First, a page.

The Chinese want advancement just as much as others do. It’s just that they would rather do it quietly.
TO understand why and how China has emerged as a great power, we have to look beyond what experts usually point to. The Chinese have opened up the economy, they have invested heavily in R&D, goods made in China flood stores in the United States, Europe and elsewhere, they are a patriotic bunch. They are industrious.
These are good reasons. But what are the real ones? Why can’t other nations do the same? The United States used to be a major manufacturing country. Now it’s a consumption economy with an astounding number of obese people. Why?
What drives the way the Chinese do things and conduct themselves at the personal as well as national level? I have seen Chinese graduate students in the United States who kept quiet in the classroom when the professor asked a question but at the end of the semester, managed to score all As. They have no intention of showing off. They are advancing slowly but surely without making a lot of noise.
Despite all its strength and ambition, China is not bent on global domination. Although its influence is undeniably rising, its engagement is transactional, not imperial. Its interest beyond Asia is mainly in countries that can provide it with raw materials and markets.
Talk of China’s big footprints in Africa, for example, is overstated. Its stock of direct investment in the continent still lags far behind that of Great Britain and France, and amounts to only a third of the United States’. In Africa and Latin America, it is concentrating more on taking stakes in local companies, not just buying up land and resources.
China likes to mind its own business. It wants to have as little involvement abroad as it can get away with. Instead of acting for the greater good of humanity, it responds pragmatically when its own interests are at stake.
Its navy has begun to participate in anti-piracy operations off the Horn of Africa and in United Nations peacekeeping in Africa. In 2011, it sent a ship to co-ordinate the evacuation of 36,000 Chinese workers from Libya.
The world may anticipate more such actions as its companies get more deeply involved around the globe. It is also making inroads into the use of soft power through Confucius Institutes all over the world that try to demonstrate that China and its culture are benign.
What China is against is easier to comprehend than what it is for. It opposed Bush’s incursion into Iraq in 2003, vetoed the interventions Western powers sought in Syria and Darfur and took no position on the Russian annexation of Crimea. Chinese leaders are not great fans of the existing system of alliances but offer no alternative system of collective security. They talk about sharing resources in the South and East China Seas, but have offered no definite proposals to this end.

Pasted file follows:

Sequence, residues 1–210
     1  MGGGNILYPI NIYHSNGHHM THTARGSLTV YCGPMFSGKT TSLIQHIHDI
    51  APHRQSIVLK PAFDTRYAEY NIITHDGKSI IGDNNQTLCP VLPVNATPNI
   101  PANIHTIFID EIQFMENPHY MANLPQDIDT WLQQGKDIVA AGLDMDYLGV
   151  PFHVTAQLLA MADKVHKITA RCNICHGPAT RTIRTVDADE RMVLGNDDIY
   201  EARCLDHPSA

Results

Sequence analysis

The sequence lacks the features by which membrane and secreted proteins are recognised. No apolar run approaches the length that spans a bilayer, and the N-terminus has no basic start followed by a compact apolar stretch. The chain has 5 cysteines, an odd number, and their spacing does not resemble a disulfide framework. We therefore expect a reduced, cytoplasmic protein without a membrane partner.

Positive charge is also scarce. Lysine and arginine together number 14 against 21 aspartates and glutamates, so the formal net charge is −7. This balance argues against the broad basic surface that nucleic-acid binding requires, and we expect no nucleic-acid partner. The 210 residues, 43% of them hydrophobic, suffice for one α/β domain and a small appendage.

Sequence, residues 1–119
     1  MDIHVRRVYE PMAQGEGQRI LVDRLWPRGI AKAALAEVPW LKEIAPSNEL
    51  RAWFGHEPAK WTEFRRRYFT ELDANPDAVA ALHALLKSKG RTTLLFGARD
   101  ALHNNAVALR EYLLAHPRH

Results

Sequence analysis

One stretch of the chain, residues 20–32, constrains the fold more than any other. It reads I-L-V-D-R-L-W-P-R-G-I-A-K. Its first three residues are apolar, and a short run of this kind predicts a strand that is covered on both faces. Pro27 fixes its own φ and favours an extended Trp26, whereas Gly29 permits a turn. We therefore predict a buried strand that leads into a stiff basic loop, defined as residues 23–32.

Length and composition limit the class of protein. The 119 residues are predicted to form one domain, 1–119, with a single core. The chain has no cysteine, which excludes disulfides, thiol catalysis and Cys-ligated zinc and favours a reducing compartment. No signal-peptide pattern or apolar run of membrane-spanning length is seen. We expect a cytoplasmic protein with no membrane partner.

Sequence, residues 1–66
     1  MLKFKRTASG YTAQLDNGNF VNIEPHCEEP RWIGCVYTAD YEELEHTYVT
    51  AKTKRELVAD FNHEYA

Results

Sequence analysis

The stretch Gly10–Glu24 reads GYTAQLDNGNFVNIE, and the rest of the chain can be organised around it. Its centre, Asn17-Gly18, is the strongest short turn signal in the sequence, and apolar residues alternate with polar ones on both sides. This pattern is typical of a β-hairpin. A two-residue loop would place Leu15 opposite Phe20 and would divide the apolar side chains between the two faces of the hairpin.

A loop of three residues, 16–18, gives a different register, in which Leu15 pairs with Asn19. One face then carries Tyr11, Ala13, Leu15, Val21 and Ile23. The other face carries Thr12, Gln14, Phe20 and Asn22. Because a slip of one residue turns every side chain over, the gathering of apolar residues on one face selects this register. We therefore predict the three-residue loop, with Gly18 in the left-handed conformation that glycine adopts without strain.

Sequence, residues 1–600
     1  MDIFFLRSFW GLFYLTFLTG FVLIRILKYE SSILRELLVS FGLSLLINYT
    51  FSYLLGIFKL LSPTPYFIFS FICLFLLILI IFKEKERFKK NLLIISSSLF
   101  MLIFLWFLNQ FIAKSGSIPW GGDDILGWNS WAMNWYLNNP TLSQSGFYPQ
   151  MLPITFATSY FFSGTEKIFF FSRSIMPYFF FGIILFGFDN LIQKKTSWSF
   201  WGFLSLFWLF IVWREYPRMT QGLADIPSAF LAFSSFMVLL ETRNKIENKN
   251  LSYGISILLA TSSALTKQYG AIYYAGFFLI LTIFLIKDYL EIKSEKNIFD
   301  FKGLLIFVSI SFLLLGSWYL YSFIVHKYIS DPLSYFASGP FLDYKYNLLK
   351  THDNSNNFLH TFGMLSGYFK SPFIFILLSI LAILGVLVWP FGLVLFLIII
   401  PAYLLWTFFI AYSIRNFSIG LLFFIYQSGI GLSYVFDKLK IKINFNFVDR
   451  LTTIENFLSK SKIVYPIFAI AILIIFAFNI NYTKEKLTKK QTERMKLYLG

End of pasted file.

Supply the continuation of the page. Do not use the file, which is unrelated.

Disappointed by what it sees as its lack of influence in international organisations, China led the establishment of the Shanghaibased New Development Bank in 2014, of which all the Brics countries are members and which looks like a tenderfoot to the World Bank. It has also set up an Asian Infrastructure Investment Bank to rival the ADB.
A late appearance is not unusual for a great power. It took a world war to draw the United States irreversibly onto the world stage. Over 200 years, through much pain and suffering, China has transformed the very centre of its identity, changing itself from an inwardand backward-looking society to an outward- and forward-looking power. Since 1978, it has shown both flexibility and firm resolve in its continued pursuit of wealth and power.
Many countries around the world respect, and would like to imitate, the undemocratic but efficient way that China has managed its decades of growth. But how exactly to go about it? What do they know that the rest of the world doesn’t? Well, for one thing, they don’t believe that they are superior to others or destined by the Divine to be great. They know they have to work for it.
They are honest with themselves. More importantly, they know how. While the Western culture teaches people to be “themselves”, there could be no advice more hollow than this.
Confucius, Mencius, Zhuangzi and other Chinese thinkers, more than 2,000 years ago taught that we shouldn’t be looking for our essential self, let alone seeking to embrace it, because there is no true, absolute self to begin with.
As they understood, human beings are messy, multi-dimensional beings, a tangle of conflicting emotions and capabilities in a messy, ever-changing world. We are who we are by reacting to one another. It’s no wonder that the Chinese leadership is turning to ancient philosophy for support. That’s something to learn from China.
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